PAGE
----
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Horticulture and Home Pest News
Horticulture & Home Pest News is filled with articles on current horticulture, plant care, pest management, and common household pests written by Iowa State University Extension specialists in the Departments of Entomology, Horticulture and Plant Pathology.

Fungus Gnats

This article was published originally on 4/12/1996
There are several small flies, or gnats, that can be found inside the home. The ones associated with houseplants are called fungus gnats. These small, non-biting flies are completely harmless, except for the annoyance of their presence. Fungus gnats look dark gray in color. The wings also appear smoky-gray. The body is long and slender, unlike a fruit fly that has a short, robust body shape. At a little more than 1/16th inch in length, fungus gnats usually go unnoticed outdoors where they can be quite plentiful in fungi, damp soil and decayed vegetable matter. Though fungus gnats occasionally wander in from outdoors, a persistent problem in the house indicates an indoor breeding site. The immature stage of the fungus gnat is a small white maggot that lives in very moist areas high in decaying organic matter. This habitat often occurs in the potting soil of houseplants.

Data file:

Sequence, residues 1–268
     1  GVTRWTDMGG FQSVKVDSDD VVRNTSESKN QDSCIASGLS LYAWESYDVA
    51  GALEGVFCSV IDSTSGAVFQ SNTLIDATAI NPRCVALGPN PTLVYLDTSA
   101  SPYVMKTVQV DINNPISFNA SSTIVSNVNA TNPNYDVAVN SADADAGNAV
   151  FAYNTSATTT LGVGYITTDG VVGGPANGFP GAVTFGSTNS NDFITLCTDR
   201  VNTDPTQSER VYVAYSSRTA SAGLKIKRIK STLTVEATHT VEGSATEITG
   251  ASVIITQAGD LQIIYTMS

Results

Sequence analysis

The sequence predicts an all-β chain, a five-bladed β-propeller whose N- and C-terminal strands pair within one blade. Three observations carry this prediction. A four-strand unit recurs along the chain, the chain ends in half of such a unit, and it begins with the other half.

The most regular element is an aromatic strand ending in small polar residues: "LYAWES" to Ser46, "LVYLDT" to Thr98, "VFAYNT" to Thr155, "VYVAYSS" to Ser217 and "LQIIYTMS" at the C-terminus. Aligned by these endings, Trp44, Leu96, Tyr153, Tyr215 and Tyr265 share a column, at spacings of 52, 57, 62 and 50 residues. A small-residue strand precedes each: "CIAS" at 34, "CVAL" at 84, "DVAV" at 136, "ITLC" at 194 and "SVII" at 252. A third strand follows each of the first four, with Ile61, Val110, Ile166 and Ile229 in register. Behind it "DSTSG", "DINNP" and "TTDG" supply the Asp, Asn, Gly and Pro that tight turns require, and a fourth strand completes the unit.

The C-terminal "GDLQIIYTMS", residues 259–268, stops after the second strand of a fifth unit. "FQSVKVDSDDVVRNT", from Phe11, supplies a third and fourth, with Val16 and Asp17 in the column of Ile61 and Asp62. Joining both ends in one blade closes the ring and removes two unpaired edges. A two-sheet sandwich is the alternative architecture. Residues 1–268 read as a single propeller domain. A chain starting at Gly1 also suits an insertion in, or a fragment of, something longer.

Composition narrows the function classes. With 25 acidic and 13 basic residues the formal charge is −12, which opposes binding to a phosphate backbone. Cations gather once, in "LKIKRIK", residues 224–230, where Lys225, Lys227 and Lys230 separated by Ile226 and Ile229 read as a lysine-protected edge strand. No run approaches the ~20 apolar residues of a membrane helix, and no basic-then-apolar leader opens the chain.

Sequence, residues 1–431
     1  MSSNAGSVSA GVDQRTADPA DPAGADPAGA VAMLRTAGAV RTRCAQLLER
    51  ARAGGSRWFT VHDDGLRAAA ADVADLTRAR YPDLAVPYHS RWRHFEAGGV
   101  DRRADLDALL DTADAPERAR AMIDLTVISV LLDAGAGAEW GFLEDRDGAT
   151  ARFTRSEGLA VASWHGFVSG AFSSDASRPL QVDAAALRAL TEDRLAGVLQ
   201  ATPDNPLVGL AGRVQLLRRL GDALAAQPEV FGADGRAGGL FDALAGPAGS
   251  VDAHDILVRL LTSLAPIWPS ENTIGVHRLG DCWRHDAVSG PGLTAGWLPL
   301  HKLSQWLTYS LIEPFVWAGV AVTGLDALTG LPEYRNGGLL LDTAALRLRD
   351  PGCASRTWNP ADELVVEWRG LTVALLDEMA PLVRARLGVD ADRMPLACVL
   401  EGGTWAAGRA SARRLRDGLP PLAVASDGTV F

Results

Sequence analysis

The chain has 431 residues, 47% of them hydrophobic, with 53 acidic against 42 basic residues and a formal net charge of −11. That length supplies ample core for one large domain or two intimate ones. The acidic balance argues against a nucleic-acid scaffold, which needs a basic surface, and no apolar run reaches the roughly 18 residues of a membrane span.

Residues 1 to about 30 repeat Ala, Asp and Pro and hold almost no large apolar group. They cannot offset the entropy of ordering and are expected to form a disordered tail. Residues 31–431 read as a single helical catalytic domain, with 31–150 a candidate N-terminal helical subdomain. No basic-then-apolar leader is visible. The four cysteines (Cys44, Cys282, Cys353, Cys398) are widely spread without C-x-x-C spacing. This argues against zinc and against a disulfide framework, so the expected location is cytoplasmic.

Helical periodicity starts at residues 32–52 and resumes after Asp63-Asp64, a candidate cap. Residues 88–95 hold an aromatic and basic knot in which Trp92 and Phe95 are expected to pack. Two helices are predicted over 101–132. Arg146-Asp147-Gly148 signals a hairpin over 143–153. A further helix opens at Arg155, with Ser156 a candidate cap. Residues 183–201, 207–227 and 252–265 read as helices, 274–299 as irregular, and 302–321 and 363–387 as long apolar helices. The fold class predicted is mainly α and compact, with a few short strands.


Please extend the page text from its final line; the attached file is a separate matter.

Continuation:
Household insecticide sprays or fogs for the adults are of limited, short-term benefit. Spraying would have to be repeated quite frequently to catch all of the gnats as they emerge. Controlling the maggots by locating and eliminating the breeding site gives the best results.

When houseplants are infested it may mean they are overwatered. Fungus gnats do not survive if the soil becomes dry so one management option is to permit the soil to dry out to the extent tolerable between waterings. Otherwise, houseplant insecticide spray can be applied to the surface of the soil and around the edges of the pot. As a last resort, a solution of malathion insecticide can be applied to the soil surface as a soil-drench treatment in place of a regular watering. This must be done after taking the plant outdoors. Additional pesticides are available to commercial growers. Some, such as Bt israelensis products (Gnatrol, for example) may be available to home gardeners through specialty catalogs and organic gardening supply sources.



This article originally appeared in the April 12, 1996 issue, p. 51.

Year of Publication: 
1996
Issue: 
IC-475(8) -- April 12, 1996